more bad journalism from NY Times
A shortened post of the Jan. 10 article before the verdict was issued: What I wanted to note was that this issue was portrayed in the NY Times as a sticky diplomatic bone of contention, but doesn't analyze the fact that international protests for the release of the WTO-14 have probably played a part in getting 11 of the 14 released, and the fact that none of the social justice messages were based on nationalist sentiment (nothing about Korea v. China, that sort of ridiculous fantasy).
The only direct quotes are from the WTO public outreach coordinator and the Hong Kong secretary for justice. No quotes from KCTU (the Korean labor union), from HKPA Hong Kong People's Alliance that organized many of the solidarity protests, from the South Korean government, or from the groups (like the ones that stretch from the Bay to LA to NY) that actually organized any of these protests. Complete silence on social movements. Will the NY Times ever get it? Why is the fact that citizens all over the world have common messages and unity around global trade and the righteousness of protest not reflected on? Why is it that it's still about old-fashioned state to state relations?
Especially considering the fact that the South Korean government appealed for the release of the 11 Korean peasants and the labor organizer, but refused to pay bail. In fact, Hong Kong citizens paid for the steep $12,000 bail of the 3 who were charged, and that fact will probably never get a mention, even though it reflects the fact that many citizens were quite moved by the Korean farmers and their protest strategies (and not just 'shocked', as the article talks about).
I also like the repetitiveness of the Hong Kong officials talking about 137 injuries being justification to keep the charges, but if you do the glass is half full/empty thing, only half are police injuries. The other half? That's right, police-inflicted injuries. A fair number of which we saw with our own eyes. So are they going to prosecute police? No. If it was truly about the fact that injury is inflicted upon people, and that being a crime, then the police would also have to go up on trial, but they won't. Because violence ain't 'violence' unless you're on the wrong side of the fence.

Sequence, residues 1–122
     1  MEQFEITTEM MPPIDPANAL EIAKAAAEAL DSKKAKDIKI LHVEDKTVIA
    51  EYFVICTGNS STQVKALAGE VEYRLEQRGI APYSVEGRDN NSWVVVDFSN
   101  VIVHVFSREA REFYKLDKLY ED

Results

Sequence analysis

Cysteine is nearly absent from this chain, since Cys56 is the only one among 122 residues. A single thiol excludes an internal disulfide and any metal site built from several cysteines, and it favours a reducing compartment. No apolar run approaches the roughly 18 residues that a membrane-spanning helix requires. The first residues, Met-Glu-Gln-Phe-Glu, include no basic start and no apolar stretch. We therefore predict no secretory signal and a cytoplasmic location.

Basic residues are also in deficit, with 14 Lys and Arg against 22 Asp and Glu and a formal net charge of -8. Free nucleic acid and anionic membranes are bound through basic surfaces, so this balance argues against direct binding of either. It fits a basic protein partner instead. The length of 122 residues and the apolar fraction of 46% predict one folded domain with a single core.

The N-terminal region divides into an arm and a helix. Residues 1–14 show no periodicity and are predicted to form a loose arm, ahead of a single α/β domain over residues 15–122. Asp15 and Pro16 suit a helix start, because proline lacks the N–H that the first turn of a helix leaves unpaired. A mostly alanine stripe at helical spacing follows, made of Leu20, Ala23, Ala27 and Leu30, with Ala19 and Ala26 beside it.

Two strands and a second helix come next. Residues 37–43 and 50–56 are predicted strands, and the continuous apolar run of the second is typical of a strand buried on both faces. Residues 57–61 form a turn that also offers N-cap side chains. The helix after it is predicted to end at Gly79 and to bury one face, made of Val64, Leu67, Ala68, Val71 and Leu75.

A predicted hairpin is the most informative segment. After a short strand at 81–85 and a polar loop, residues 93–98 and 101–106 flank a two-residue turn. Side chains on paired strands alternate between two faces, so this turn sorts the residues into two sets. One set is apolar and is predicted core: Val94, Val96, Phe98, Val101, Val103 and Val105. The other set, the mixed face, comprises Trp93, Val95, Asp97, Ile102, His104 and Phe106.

January 10, 2006 ARTICLE
Arrests of Trade Protesters Embroil Hong Kong With China and South Korea
By KEITH BRADSHER
HONG KONG, Jan. 9 - The decision to bring charges against 14 people here
after a violent demonstration at the World Trade Organization conference
last month is turning into a contentious and diplomatically sticky issue
for the governments of Hong Kong, China and South Korea.
Labor union federations and social justice groups, mainly from Asia and
Europe, are portraying the 14 as "W.T.O. political prisoners." They held
a small march here on Monday and said they had sent delegations to
deliver letters, and in some cases hold demonstrations, at Chinese
consulates and embassies in New York City and in Bangladesh, Belgium,
Hungary, Thailand and Switzerland.
All but three of the protesters charged after the demonstration are
South Korean, and their case has drawn considerable attention at home,
with three of the country's most famous movie and soap opera stars
issuing a recent appeal for their release. South Koreans are already
resentful about China's tough treatment of refugees from North Korea,
many of whom have been repatriated to face long prison terms and even
The South Korean government has appealed to the Hong Kong government
repeatedly to release the protesters, all of them men. But the Hong Kong
authorities have refused, pointing out that the protest here on the
night of Dec. 17 left 137 people injured, including 67 police officers.
"Hong Kong is a place where the rule of law is strongly upheld," said
Wong Yan-lung, Hong Kong's secretary for justice, after meeting here on
Monday with three opposition lawmakers from South Korea who complained
about the prosecution. "This case is being processed in accordance with
the laws of Hong Kong and our established and announced prosecution
For rest of article, see the link above.